The goal here is to use simple geometry to create visually stimulating patterns. The link to this demo is found here.

The source code is found on the Github repo.

Modeling Rectangles

Each triangle stores a position, width and height, color, and rotation. These are all used for drawing.

Each triangle also stores a velocity and acceleration, which are integrated to find the position.

Finally, the lifetime variable represents how long the rectangle can exist for. Once this value reaches 0, the rectangle is destroyed.

function Rectangle(x, y, width, height, color, rotation) {
    this.x = x;
    this.y = y;
    this.width = width;
    this.height = height; 
    this.color = color;
    this.rotation = rotation;
    this.lifetime = 100;
    this.vx = 0;
    this.vy = 0;
    this.ax = 0;
    this.ay = 0;

We use the following draw function, utilizing transformations to draw rectangles at angles.

function drawRect(rect) {
    ctx.fillStyle = rect.color;

    ctx.save(); // save canvas transformation

    ctx.translate(rect.x, rect.y); // move canvas origin to rect origin

    //draw the rect
    ctx.rect(-rect.width*0.5, -rect.height*0.5, rect.width, rect.height);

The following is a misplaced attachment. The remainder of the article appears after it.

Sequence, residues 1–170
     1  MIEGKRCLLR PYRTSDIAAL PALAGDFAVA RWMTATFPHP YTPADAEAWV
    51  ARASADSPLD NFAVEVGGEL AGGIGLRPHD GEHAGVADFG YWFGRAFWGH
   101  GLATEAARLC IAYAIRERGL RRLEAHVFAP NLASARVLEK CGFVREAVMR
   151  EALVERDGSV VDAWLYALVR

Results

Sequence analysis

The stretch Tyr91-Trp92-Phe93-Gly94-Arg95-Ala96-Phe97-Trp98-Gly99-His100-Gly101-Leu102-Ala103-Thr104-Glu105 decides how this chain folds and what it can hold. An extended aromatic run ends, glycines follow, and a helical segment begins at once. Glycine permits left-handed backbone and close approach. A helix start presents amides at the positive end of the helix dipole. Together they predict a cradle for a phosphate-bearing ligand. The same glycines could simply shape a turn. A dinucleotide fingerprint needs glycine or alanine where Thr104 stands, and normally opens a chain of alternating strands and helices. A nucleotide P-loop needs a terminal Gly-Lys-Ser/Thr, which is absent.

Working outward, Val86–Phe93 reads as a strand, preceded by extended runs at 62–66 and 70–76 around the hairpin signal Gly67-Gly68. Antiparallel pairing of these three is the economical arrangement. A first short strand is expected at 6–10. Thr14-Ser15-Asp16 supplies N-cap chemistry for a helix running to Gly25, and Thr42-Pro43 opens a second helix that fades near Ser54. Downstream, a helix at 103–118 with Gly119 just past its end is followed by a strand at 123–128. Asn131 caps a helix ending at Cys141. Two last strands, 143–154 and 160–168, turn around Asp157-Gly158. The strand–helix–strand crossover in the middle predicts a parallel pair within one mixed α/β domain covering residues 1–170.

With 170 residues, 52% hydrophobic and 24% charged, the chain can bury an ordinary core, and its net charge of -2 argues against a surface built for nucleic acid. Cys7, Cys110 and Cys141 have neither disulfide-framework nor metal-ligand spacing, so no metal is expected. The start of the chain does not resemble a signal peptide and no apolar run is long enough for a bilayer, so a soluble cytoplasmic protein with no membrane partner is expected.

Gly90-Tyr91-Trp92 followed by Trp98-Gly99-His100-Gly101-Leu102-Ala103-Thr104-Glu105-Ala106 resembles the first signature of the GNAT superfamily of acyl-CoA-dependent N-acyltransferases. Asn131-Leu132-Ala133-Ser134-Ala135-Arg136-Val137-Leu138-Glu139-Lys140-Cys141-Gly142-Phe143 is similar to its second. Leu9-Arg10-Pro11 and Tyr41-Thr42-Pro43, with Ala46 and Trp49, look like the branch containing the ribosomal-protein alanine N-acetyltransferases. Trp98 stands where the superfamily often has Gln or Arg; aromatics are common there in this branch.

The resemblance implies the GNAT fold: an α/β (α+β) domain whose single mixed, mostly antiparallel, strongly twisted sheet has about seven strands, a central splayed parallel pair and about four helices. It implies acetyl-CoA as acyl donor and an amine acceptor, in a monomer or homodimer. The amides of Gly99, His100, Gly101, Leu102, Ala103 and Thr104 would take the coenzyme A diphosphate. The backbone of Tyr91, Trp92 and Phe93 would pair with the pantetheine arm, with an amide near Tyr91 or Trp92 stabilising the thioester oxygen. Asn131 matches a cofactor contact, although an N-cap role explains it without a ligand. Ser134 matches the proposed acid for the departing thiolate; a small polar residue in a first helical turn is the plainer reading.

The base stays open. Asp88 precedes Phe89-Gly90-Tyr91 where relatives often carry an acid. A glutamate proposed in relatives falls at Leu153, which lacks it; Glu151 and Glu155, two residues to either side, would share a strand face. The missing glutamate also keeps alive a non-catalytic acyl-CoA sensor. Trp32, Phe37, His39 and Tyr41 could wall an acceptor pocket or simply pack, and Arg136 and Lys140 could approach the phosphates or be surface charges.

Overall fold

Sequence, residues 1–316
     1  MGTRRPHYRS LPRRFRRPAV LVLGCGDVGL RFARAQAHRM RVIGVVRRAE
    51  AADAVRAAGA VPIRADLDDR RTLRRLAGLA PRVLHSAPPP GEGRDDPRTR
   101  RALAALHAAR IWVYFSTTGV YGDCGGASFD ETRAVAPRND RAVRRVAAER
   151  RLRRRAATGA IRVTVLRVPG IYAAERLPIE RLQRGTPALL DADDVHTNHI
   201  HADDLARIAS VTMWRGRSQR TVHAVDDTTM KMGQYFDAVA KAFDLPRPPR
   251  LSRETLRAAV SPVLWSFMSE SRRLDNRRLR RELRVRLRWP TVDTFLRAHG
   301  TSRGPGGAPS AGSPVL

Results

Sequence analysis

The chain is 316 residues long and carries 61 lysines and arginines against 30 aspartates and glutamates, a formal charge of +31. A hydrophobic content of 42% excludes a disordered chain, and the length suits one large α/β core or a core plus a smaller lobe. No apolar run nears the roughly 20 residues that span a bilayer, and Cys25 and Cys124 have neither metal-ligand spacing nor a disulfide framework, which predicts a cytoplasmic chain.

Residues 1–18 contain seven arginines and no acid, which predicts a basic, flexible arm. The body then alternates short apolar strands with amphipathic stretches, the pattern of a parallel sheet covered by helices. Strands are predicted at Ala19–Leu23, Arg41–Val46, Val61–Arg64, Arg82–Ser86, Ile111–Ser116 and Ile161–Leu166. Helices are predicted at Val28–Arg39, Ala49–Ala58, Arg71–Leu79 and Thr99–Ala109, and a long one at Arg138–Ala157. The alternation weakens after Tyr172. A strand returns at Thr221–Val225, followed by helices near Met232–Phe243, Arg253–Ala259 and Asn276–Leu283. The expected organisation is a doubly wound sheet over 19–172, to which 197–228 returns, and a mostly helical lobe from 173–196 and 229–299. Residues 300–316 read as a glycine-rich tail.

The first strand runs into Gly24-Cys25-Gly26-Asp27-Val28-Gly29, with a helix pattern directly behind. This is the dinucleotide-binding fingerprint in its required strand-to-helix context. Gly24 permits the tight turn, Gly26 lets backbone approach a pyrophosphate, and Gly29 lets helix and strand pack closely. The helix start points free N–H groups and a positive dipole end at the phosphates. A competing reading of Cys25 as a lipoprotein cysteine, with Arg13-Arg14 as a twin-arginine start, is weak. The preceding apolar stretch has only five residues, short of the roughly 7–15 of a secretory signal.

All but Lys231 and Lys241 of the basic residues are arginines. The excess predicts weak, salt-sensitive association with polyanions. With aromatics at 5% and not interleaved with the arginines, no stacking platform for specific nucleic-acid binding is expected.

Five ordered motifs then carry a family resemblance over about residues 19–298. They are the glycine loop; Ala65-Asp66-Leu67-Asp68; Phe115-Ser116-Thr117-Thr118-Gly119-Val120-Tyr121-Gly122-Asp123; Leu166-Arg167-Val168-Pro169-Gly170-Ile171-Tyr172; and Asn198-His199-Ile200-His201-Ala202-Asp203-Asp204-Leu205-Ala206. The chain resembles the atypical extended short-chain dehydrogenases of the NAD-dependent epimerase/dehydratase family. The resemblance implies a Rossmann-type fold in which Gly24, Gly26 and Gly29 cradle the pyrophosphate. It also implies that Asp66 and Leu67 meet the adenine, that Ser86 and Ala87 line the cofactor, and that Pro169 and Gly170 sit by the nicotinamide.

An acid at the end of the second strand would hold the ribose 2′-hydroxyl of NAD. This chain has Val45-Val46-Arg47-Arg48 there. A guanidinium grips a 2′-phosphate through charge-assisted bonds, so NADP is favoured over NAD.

ctx.restore(); // restore canvas transformation

We create a makeRect function to add rectangles to the canvas.

function hslStr(h, s, l, a) {
    return "hsla("+h+","+s+"%,"+l+"%,"+a+")";
function makeRect(x, y, rectarr, isRandom) {
    // slowly cycle through hues over time, also keep rotating
    var myColor = hslStr((0.1*getTime()) % 360, 100, 80, 0.5);
    var myRotation = (getTime()*0.002) % (2*Math.PI);

    // a boolean flag that tells us to override the time-based color and use a random color instead
    if(isRandom) {
        myColor = hslStr(Math.random()* 360, 100, 80, 0.5);

    // make the rectangle
    rectarr.push(new Rectangle(x, y, 80, 30, myColor, myRotation));

    // if we've made too many rectangles, get rid of one
    if(rectarr.length>100) {
        rectarr.splice(0, 1);

The only odd thing about this function is the use of rectarr in the arguments. Since we want to be able to spawn sources of "rain," we need to have multiple arrays of rectangles. rectarr carries a reference, or pointer, to the particular array that makeRect is pushing to.

Program Architecture

As with most interactive demos, we're going to have an initialization, an animation loop, and an event handler.

Event Handlers

First, we use the following mousemove handler to keep track of the mouse position relative to the canvas, using jQuery to calculate offset.

We also use this function to draw rects that follow the mouse, giving a snake-like effect.

var mouse = {x:0, y:0};
$("#canvas").mousemove(function(event) {
    mouse.x = event.pageX-$(this).offset().left;
    mouse.y = event.pageY-$(this).offset().top;

    makeRect(mouse.x, mouse.y, rects);

On click, we want to add a source of "rain" that continuously generates rectangles.

$("#canvas").click(function() {
        o: {x:mouse.x, y:mouse.y}, // origin
        rects: rects.slice(), // make a copy of the current rect array